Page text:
Leah Millis / Reuters

What We’re Following

Mutinous Message: An anonymous op-ed published in The New York Times by “a senior official in the Trump administration” says that high-ranking members of the president’s team are disgusted with his decisions—and are actively working to blunt their impact. David Frum explains what’s wrong with this approach.

Progressive’s Prize: Boston City Councilwoman Ayanna Pressley beat longtime Representative Mike Capuano in a massive upset in Massachusetts’s Seventh-District Democratic primary. Though Pressley and Capuano share progressive positions on many issues, Pressley would bring the added perspective of an African American woman to Congress—and her victory signifies a shift in how politics work.

Boycott Business: A Nike ad campaign featuring the athlete and activist Colin Kaepernick prompted viral backlash, including a #BoycottNike hashtag. Yet the boycotters’ actions have served mainly to elevate Nike’s brand—reinforcing the business choices that likely motivated the campaign in the first place. More worryingly, Alex Wagner argues, the boycott illustrates a troubling form of rage that has spread across partisan lines.

Rosa Inocencio Smith


Snapshot

Tech Trouble: In a forthcoming story for our October issue, illustrated here by Yoshi Sodeoka, Yuval Noah Harari argues that the technological revolutions of the future will pose a serious threat to democracy. Today, as companies like Twitter and WhatsApp struggle to deal with problems like abuse and disinformation, some tech workers are organizing around ethical and moral causes.

Evening Read

David French on adopting his daughter from Ethiopia in 2010:

There are three fundamental, complicating truths about adoption. First, every single adoption begins with profound loss … Second, the demographics of those in need of loving homes do not precisely match the demographics of those seeking a new child. Adoptive parents are disproportionately white. Adopted children are not … Third, American culture has long been obsessed with questions of race and identity.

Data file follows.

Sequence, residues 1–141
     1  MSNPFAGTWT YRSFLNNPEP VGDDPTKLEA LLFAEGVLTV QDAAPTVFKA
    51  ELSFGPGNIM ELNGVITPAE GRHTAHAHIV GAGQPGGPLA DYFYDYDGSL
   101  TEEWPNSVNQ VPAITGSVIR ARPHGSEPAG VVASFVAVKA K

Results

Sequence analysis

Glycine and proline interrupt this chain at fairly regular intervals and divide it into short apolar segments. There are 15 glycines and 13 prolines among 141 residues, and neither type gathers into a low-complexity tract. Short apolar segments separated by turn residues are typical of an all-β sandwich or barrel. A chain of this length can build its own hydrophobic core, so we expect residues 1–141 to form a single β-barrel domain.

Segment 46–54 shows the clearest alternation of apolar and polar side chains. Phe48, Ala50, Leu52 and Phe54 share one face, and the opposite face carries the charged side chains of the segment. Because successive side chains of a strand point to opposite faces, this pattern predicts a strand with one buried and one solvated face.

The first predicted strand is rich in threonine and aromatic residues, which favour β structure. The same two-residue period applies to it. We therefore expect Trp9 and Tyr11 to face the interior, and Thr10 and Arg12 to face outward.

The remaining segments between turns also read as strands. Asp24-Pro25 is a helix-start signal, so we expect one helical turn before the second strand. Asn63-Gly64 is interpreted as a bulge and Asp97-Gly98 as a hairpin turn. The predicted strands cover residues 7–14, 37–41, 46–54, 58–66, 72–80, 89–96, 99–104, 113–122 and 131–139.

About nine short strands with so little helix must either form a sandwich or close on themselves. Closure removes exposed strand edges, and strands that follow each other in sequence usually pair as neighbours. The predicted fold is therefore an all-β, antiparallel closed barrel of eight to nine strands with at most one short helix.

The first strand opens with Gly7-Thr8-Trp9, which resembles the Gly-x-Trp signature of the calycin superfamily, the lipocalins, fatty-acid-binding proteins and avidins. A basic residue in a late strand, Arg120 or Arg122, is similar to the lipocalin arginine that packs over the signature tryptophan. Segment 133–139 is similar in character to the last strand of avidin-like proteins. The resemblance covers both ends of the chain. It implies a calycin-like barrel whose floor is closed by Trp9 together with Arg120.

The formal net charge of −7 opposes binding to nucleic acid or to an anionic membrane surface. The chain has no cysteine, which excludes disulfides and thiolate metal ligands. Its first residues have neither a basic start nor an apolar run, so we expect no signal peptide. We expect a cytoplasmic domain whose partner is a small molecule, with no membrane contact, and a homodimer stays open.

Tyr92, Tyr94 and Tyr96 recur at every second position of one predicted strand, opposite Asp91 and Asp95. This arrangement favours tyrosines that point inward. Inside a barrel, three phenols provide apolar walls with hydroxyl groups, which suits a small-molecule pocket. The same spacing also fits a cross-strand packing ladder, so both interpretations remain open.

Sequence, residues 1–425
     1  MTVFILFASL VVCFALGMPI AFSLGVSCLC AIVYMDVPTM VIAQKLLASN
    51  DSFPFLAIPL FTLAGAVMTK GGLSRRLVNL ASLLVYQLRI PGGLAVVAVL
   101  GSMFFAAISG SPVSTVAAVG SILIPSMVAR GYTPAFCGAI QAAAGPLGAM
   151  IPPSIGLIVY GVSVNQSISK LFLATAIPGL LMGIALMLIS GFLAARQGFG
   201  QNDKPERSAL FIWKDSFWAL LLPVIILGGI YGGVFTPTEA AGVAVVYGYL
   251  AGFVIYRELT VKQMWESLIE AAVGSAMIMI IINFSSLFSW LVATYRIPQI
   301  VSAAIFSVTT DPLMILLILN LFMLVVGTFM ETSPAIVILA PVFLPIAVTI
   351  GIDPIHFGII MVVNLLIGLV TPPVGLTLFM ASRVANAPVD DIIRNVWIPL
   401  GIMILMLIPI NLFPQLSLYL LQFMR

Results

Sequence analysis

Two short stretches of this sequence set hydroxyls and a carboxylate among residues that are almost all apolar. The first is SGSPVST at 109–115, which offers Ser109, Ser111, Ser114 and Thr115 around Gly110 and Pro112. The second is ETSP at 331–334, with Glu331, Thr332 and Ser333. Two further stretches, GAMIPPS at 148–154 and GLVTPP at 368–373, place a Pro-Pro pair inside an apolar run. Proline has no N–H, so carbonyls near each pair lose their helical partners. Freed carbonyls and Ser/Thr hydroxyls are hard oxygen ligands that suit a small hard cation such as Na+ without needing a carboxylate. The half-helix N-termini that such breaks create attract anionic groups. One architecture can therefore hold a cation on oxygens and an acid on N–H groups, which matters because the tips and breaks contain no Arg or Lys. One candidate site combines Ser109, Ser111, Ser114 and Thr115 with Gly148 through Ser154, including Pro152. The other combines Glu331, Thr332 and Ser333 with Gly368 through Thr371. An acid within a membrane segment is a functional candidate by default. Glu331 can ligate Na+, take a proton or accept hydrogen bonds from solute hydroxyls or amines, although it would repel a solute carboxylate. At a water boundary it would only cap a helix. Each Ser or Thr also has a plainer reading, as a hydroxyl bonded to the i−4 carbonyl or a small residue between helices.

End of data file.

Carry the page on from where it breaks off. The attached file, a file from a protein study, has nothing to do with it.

Combine these three truths and you will not only begin to understand the challenge of adoption, you’ll also gain insight into a darkness in American culture, a darkness that scorns even the bond between parent and child. I know this firsthand. Amid the stories of adoption in America is the story of my family—the story of my youngest daughter.

Keep reading, as French describes how his experience made him concerned for his daughter’s future and for America’s.


What Do You Know … About Science, Technology, and Health?

1. A warming climate in Bordeaux, France, could make wine from the region’s grapes taste too ____________.

Scroll down for the answer, or find it here.

2. During London’s 1858 cholera epidemic, many of the city’s residents believed the disease was being spread by ____________.

Scroll down for the answer, or find it here.

3. About ____________ percent of American adults are vegan.

Scroll down for the answer, or find it here.

Answers: fruity / smells / 3


Dear Therapist

Every week, Lori Gottlieb answers readers’ questions in the Dear Therapist column. This reader and her husband have differing opinions about whether they should have a second child:

I would like for my daughter to grow up with a sibling, as I think it is a special relationship. I have loved being a mother, and would love to do pregnancy again and have another baby. I don’t want to compromise my marriage because of this, ending up with another child and a resentful husband. However, I don’t want to feel resentful myself if we don’t have another …

How do you recommend I make my case for another child? Or do I need to resign myself to being a mom of one?

Read Lori’s advice, and write to her at dear.therapist@theatlantic.com.


We’re making some changes to The Atlantic Daily. We welcome your thoughts as we’re perfecting the newsletter.

Meet The Atlantic Daily’s team.

Did you get this newsletter from a friend? Sign yourself up.

We want to hear what you think about this article. Submit a letter to the editor or write to letters@theatlantic.com.